This chapter will argue that the period of conflict following the December 2013 violence in Juba, which began with a schism in the ruling Sudan Peoples’ Liberation Movement/Army (SPLM/A), can only be understood when viewed in light of wider sources of conflict in Sudan. It will demonstrate that what is particularly interesting about South Sudan’s ‘post-conflict’ transition is the extent to which the regime really has not changed. Continuities with previous modes of governance and the centralisation of power within the ranks of the SPLM have meant that there is more in common with previous regimes than there has been change. The origins of this conflict can be traced to structural and institutional legacies that have persisted from colonial rule. The chapter outlines the history of conflict in Sudan, before focusing on the six-year transition period that followed the signing of the Comprehensive Peace Agreement in 2005. The issues left unresolved during the transition and the modes of governance established then tell us much about why South Sudan has returned to civil war. The chapter highlights questions of the administrative and political legacies of colonial rule; the SPLM/A’s transition from a rebel movement to a governing party; the problems of militarization, especially combined with the mobilisation of ethnicity; and the role of international actors, especially non-governmental organisations.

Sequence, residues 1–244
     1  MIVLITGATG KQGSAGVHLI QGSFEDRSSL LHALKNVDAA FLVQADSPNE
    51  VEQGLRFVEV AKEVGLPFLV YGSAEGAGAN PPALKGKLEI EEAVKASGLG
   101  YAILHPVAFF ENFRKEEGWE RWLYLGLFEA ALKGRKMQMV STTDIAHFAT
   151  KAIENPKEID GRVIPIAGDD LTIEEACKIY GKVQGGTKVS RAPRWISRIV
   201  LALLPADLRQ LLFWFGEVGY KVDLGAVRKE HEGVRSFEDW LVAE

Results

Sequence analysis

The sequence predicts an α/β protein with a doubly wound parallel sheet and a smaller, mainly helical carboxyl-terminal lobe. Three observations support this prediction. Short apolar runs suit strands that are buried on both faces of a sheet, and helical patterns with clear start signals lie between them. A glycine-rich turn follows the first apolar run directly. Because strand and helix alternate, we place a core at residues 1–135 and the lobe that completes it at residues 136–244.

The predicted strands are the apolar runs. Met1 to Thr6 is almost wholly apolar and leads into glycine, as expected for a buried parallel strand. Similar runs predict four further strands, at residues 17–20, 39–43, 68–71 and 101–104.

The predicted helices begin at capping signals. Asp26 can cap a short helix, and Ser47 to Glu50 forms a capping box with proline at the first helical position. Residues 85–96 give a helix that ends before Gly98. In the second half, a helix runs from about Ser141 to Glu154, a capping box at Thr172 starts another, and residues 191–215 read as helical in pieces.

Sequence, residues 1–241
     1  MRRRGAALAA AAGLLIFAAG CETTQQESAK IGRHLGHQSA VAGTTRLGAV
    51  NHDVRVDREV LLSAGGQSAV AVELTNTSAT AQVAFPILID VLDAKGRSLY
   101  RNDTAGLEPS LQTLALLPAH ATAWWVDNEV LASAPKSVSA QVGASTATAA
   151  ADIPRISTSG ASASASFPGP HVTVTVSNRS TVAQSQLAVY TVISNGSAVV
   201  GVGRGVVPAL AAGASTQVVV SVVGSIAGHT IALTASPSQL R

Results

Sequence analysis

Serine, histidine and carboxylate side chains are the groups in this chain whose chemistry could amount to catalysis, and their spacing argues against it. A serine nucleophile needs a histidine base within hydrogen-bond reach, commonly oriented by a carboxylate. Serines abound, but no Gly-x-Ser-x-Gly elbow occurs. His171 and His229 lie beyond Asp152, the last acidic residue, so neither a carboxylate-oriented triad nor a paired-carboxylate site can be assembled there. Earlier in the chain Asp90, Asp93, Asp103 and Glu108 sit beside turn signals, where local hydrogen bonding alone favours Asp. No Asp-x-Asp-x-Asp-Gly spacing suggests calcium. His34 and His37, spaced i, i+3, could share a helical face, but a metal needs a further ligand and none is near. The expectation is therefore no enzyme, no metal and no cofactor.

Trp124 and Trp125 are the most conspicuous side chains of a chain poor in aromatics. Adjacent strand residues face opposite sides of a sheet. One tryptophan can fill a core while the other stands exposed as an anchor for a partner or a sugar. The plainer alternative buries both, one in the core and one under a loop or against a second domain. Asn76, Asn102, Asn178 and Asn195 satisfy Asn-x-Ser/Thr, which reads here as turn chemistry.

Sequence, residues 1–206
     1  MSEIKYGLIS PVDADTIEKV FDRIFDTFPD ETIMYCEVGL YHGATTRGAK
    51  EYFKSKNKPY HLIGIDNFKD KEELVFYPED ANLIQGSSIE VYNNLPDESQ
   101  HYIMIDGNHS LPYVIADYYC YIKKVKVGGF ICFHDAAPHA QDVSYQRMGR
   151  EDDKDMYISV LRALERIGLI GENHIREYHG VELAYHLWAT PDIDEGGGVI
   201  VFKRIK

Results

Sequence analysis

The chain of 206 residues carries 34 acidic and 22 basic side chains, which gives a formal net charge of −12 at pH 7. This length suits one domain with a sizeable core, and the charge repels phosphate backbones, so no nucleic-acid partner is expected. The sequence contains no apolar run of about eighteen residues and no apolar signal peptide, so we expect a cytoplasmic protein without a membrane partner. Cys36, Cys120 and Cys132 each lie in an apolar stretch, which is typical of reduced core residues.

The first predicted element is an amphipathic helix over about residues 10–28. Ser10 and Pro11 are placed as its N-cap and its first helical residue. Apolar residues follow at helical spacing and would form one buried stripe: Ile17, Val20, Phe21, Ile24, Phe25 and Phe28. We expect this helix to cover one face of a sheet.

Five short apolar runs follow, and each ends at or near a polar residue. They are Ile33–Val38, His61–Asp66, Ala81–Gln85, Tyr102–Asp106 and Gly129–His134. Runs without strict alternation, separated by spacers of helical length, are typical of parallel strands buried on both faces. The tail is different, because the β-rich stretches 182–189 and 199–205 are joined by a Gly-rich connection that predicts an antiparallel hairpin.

Róisín Read and Roger Mac Ginty
This chapter interrogates at the issue time and international intervention. Specifically, it makes the case that time is an imaginary that is socially constructed by actors with the power to do so. The chapter considers the construction and framing of 'crises' and how the framing of urgency and necessity is often used to justify intervention and the role of intervening parties. Just as empowered actors can designate what constitutes a crisis, they also seek to identify suitable timeframes for an exit from the intervention site. The chapter is sceptical of the notion of exit, however, and argues that the complex nature of international intervention, and its socio-economic and political implications for both the intervener and the intervened, means that there can be no definitive terminal moment of exit.